Carlos Antonio Lozada, supreme urban commander of Colombias Farc rebels, is poised to lead his organisation into politics. In this exclusive interview he speaks about war, making peace and meeting victims
The Revolutionary Armed Forces of Colombia (Farc) stands apart from other Latin American leftwing guerrilla movements founded since the 1960s because it has outlived them all well into the 21st century and remains in control of vast tranches of territory. But it is also from a different mould: almost entirely rural its leaders have not been intellectuals, such as Che Guevara, but peasants, fighting a peasant war in the countryside. The Farcs violence has, however, had an impact on the cities, and during the 1990s Colombia even feared that the guerrillas were poised to take the capital, Bogot.
The groups presence in urban areas has been led by a man who most observers say will be the new figurehead of Farc in politics, Carlos Antonio Lozada (left). Lozada is from a generation younger than the guerrillas supreme commanders, and though he also fought in the jungle with them he is distinct in that he hails from Colombias second city of Cali. He spent 19 years in Colombias cities as Farcs supreme urban commander.
During recent months the Observer has interviewed all Farcs commanders, in depth, for a long-term project, including Lozada, Farcs coming man, who hopes to take the organisation into its next conflict, a political fight, a war without weapons, but with words. Here, in this interview extract, Lozada talks exclusively about the road to the Havana peace deal.
The Farc has been accused of perpetrating many atrocities during the 50-year war how do you respond?
We are trying to come out of a 50 years war. War is a denial of the human being. War is not human. Irrespective of its causes, however just, war in itself isnt human.
What we have said is that, in this process, we have to assume our responsibilities and we have shown that we are ready to do so. The agreement on the issue of victims, that is the way Colombia society has to go forward in order to build reconciliation. We are ready to assume that part of the responsibility that corresponds to us.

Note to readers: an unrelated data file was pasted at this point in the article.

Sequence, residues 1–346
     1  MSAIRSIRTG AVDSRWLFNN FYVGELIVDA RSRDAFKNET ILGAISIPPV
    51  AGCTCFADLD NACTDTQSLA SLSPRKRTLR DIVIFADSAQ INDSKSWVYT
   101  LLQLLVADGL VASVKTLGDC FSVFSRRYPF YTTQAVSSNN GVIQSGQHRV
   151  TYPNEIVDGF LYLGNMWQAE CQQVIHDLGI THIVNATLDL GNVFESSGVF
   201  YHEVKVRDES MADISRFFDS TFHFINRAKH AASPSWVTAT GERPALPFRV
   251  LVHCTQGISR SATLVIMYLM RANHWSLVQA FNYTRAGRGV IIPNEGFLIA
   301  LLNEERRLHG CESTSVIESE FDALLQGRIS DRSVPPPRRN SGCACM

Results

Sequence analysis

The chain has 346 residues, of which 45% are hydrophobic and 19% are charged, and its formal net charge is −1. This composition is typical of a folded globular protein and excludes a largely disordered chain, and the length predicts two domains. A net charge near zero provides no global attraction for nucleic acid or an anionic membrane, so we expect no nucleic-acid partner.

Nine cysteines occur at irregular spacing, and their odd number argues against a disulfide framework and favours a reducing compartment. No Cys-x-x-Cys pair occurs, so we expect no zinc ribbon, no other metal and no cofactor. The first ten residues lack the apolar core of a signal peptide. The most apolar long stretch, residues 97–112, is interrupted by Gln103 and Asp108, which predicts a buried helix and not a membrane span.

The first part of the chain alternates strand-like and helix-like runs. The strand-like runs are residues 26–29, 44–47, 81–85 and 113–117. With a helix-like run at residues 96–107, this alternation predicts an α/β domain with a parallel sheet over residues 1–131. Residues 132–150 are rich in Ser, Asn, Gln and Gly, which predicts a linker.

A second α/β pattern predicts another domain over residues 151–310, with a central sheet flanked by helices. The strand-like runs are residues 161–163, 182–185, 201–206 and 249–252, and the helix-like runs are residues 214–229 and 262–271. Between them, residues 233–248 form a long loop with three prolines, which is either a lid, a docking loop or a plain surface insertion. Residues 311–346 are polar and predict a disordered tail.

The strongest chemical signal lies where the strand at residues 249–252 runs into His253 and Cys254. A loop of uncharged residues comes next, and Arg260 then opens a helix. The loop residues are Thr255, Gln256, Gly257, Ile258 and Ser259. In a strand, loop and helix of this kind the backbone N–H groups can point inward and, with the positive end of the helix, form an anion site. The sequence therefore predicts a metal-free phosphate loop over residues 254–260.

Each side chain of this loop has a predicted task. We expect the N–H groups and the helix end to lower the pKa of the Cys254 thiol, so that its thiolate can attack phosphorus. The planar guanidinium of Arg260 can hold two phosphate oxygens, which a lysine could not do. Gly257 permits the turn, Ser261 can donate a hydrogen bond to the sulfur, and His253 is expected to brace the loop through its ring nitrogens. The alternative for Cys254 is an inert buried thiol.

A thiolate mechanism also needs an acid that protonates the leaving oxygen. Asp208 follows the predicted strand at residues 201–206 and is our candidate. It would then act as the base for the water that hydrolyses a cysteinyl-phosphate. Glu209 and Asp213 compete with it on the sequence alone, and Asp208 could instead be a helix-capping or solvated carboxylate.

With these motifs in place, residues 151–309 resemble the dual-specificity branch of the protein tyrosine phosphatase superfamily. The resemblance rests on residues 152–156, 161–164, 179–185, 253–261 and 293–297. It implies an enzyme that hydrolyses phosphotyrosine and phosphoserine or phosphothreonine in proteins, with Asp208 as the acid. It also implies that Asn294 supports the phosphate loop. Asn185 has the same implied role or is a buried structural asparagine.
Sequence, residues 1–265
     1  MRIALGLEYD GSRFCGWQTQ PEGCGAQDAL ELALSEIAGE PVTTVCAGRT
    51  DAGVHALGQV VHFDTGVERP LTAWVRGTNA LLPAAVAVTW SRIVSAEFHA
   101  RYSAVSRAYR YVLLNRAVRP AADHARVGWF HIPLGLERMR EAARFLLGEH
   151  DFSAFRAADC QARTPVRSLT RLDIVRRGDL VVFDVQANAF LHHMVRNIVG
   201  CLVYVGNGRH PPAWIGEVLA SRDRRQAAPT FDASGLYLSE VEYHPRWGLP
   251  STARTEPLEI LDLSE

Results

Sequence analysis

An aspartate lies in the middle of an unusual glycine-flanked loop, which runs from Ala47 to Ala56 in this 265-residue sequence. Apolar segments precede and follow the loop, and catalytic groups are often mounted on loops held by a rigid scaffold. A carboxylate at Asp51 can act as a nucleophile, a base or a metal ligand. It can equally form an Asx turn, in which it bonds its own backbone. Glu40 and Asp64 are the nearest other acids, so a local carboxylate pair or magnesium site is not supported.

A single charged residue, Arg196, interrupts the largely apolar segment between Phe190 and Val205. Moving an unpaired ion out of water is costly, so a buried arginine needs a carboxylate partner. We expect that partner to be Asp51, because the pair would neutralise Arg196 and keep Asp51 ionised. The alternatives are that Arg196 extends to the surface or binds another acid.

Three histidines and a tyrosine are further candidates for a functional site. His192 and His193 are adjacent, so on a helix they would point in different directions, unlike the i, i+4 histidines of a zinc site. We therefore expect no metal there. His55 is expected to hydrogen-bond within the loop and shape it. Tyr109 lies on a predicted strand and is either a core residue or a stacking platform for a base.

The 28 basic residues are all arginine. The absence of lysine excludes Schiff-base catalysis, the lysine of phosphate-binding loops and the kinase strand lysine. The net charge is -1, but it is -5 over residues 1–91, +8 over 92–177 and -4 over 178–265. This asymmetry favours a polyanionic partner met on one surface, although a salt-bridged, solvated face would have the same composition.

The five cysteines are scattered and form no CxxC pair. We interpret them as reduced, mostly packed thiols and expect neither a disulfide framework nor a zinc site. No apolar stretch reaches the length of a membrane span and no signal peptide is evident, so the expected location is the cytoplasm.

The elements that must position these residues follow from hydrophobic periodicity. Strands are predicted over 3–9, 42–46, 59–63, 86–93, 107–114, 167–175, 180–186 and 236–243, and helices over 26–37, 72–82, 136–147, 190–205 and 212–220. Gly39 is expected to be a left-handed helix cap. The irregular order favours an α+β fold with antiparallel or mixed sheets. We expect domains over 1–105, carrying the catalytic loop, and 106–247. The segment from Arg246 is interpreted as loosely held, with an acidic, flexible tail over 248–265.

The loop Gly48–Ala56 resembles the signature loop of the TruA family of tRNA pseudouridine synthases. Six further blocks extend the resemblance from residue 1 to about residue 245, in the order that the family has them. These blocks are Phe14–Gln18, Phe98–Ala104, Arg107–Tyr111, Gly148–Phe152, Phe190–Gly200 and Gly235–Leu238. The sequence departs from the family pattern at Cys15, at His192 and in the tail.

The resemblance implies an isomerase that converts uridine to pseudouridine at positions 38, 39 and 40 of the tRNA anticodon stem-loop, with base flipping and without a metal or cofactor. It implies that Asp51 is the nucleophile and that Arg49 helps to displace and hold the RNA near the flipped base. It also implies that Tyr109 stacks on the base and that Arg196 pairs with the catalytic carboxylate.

We repent everything, not just the war but things that we have done in life. But beyond my personal case, one has to put this into political context. Personally, yes of course, there are always things to repent. We would like to rewind the movie, not to have been part of those situations.
We made decisions that in the heat of the moment we thought were fair and necessary, because otherwise there would have been great consequences for own forces. And then, in hindsight, one does see things differently. But you have to see them in the context that they actually happened.
You are one of the few Farc leaders who spent considerable time in both rural and urban areas. You spent 19 years working as Farcs urban leader. Describe your role, and life.
The life of the urban guerrilla is different. There is permanent tension, permanent pressure. One has the feeling that, if you make a mistake at any time, you could pay the price with either [loss of] freedom or death. You have to act all the time, faking all the time, because you have to live a normal life in front of neighbours and friends, all the while remembering that you are a clandestine militant. This makes huge demands and requires a huge amount of discipline. Even without a uniform, you have to be conscious that it is a revolution and you cannot be irresponsible. Do what any ordinary person would do, but have self-control. You can get drunk, but you have to know where and with whom.
In the jungle the life is limited in terms of physical limits the jungle is geographically limiting. In the city the life is emotionally and sentimentally limited. In order to be clandestine, you must limit yourself to a very limited number of friends and be careful not to let those relationships meddle too much in your personal life, because that could turn into a problem.
I changed houses constantly. In every new apartment one arrives with a new, different identity. Many times I thought I was going to get caught.
What will Farcs political future look like what will you offer the country as a political proposition?
When the Farc emerge in an open, legal, political fight you will see an organisation that is a reflection of how we think of Colombians. If you go to the Pacific coast, you will see Afro Colombians; if you go to the Cauca, those are indigenous people; if you go to the Meta, they are people from the Llanos, and if you go to the Farcs Northern Block, they are Caribbean.
Embracing the rainbow of Colombians will involve a very wide political project. We are betting on having a space in the political spectrum that runs from the democratic forces to the left. It is not going to be a Marxist movement; it will be a wide offer, where different groups can converge.
We need to dismantle the neoliberal model and get rid of corruption. We are going to have points of agreement with other groups, and we aspire to achieve a democratic left alternative.